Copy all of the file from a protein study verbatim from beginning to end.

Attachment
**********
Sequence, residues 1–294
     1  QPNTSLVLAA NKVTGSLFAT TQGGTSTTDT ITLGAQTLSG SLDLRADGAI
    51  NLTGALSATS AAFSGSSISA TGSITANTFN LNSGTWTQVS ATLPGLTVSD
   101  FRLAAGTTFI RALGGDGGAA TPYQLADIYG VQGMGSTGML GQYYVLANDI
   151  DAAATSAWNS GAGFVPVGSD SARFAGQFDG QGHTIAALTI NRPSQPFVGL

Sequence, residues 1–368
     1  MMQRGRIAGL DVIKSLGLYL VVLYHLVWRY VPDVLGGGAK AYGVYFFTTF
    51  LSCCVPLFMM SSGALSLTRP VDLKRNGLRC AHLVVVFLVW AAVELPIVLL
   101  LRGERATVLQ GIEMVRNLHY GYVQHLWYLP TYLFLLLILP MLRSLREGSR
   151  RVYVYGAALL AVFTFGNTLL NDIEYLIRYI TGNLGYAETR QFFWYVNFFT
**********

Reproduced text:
Sequence, residues 1–294
     1  QPNTSLVLAA NKVTGSLFAT TQGGTSTTDT ITLGAQTLSG SLDLRADGAI
    51  NLTGALSATS AAFSGSSISA TGSITANTFN LNSGTWTQVS ATLPGLTVSD
   101  FRLAAGTTFI RALGGDGGAA TPYQLADIYG VQGMGSTGML GQYYVLANDI
   151  DAAATSAWNS GAGFVPVGSD SARFAGQFDG QGHTIAALTI NRPSQPFVGL

Sequence, residues 1–368
     1  MMQRGRIAGL DVIKSLGLYL VVLYHLVWRY VPDVLGGGAK AYGVYFFTTF
    51  LSCCVPLFMM SSGALSLTRP VDLKRNGLRC AHLVVVFLVW AAVELPIVLL
   101  LRGERATVLQ GIEMVRNLHY GYVQHLWYLP TYLFLLLILP MLRSLREGSR
   151  RVYVYGAALL AVFTFGNTLL NDIEYLIRYI TGNLGYAETR QFFWYVNFFT